The Turkish Foreign Ministry criticised PM Mitsotakis over his speech at a Pontian event marking the 100th anniversary of the Genocide by the Ottoman Empire
The Greek Foreign Ministry’s responded in a sharp tones to the Turkish Foreign Ministry’s provocative statement which berated Kyriakos Mitsotakis during his address at the International Conference on the Crime of Genocide event marking the 100th anniversary of the Greek-Pontian genocide in Athens.
“Hubris is the choice of one who cannot accept his History. The one who has no arguments and prefers to provoke and threaten” pointed out Foreign Ministry spokesman Alexandros Gennimatas.
Mr. Gennimatas also spoke of “a sustained attempt by Turkey to distort historical events” which, he said was “sad and exposed Turkey”.
“We call on Turkey to refrain from further provocations and to work towards dialogue and respect for international law. It must understand that good neighbourliness, security and stability, as well as the prosperity of our wider region, will also benefit.”
The Turkish Foreign Ministry had issued a highly provocative statement scorning the Greek PM on the speech he delivered during the centenary anniversary event of the Greek-Pontian Genocide (Turkey rejects it ever took place, like the Armenian Genocide). “We reject the statements of the Greek Prime Minister Kyriakos Mitsotakis delivered at the “International Conference on the Crime of Genocide” held in Athens on 6 December 2019. His statements concerning our past and present are devoid of any base and its hostile tone is laden with lies and slander”, the Turkish Foreign Ministry said.
The statement went as far as to indirectly threaten Greece pointing to the 1922 war which pushed the Gfreek forces into the Aegean Sea. “Should the Greek leadership, which seems unable to overcome the then Greek occupying forces being driven into the Aegean during the Turkish War of Independence, wish to face its past, the starting point ought to be the report of the Inter-Allied Commission of Inquiry which recorded the war crimes of the Greek Army during its invasion of Anatolia, as well as the articles of the Lausanne Peace Treaty which sentenced Greece to pay compensation for massacres and atrocities committed against the Turks.”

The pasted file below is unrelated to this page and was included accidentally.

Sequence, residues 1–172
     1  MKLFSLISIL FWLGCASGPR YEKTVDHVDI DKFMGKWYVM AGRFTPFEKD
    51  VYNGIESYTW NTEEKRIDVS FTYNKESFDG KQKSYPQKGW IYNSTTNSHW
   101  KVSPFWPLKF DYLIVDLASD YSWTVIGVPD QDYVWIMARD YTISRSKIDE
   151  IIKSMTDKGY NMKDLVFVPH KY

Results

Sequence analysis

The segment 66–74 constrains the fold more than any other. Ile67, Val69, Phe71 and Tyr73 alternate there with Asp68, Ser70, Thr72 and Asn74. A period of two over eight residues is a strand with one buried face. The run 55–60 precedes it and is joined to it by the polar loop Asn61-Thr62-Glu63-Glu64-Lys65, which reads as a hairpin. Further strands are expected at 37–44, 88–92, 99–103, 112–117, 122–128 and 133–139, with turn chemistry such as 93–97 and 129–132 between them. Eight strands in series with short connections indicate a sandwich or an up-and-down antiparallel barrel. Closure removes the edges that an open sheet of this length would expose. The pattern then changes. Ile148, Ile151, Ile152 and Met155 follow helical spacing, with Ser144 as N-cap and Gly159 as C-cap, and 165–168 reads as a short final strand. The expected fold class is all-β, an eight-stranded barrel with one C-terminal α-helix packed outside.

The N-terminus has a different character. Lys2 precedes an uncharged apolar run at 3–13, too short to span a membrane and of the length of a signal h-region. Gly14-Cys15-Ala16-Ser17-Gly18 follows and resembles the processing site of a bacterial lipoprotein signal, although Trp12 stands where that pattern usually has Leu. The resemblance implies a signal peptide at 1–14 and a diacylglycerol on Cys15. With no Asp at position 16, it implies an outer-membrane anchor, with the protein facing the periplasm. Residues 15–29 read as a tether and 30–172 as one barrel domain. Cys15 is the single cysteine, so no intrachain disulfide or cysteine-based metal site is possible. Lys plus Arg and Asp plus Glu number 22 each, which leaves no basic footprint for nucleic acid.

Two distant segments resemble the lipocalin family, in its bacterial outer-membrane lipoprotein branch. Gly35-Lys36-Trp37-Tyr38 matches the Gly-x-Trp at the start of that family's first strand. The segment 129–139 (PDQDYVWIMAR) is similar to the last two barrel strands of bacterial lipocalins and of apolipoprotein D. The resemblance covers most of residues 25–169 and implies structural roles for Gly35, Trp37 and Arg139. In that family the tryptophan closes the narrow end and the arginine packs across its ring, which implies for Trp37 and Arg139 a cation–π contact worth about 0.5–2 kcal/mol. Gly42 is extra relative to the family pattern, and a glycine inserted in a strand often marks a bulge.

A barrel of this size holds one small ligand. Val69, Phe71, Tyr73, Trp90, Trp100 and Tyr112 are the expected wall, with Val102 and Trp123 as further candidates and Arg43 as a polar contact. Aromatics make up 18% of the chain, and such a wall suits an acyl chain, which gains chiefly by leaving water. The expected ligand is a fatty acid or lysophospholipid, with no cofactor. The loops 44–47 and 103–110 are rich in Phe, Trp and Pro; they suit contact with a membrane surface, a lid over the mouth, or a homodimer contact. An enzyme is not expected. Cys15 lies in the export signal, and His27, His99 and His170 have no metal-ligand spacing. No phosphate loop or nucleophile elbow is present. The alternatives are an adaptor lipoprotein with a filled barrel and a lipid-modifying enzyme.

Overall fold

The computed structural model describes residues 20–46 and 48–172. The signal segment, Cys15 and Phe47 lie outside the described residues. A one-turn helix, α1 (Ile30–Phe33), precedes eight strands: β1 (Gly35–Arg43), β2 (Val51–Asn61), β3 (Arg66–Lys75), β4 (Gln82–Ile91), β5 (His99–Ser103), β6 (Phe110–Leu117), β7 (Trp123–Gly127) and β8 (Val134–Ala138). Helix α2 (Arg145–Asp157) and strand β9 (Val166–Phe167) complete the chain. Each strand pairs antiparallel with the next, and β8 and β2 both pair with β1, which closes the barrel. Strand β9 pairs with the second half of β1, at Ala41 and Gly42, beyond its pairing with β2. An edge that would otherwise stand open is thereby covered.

The Greek PM had delivered a speech at the International Conference on the Crime of Genocide calling the massacre of the Greek in the Pontus region a Genocide (The Greek Parliament has recognised it as such).
“As you know, the Genocide in Pontus and Asia Minor – a subset of only the genocides of the Christian populations of the Ottoman Empire – has not only been recognised by the Greek Parliament. It has been recognised by numerous foreign countries and states. Like the International Association of Academics for the Study of Genocide. This circle must be enlarged, and for this particular purpose the government – as I had promised you on May 19th – is acting methodically.”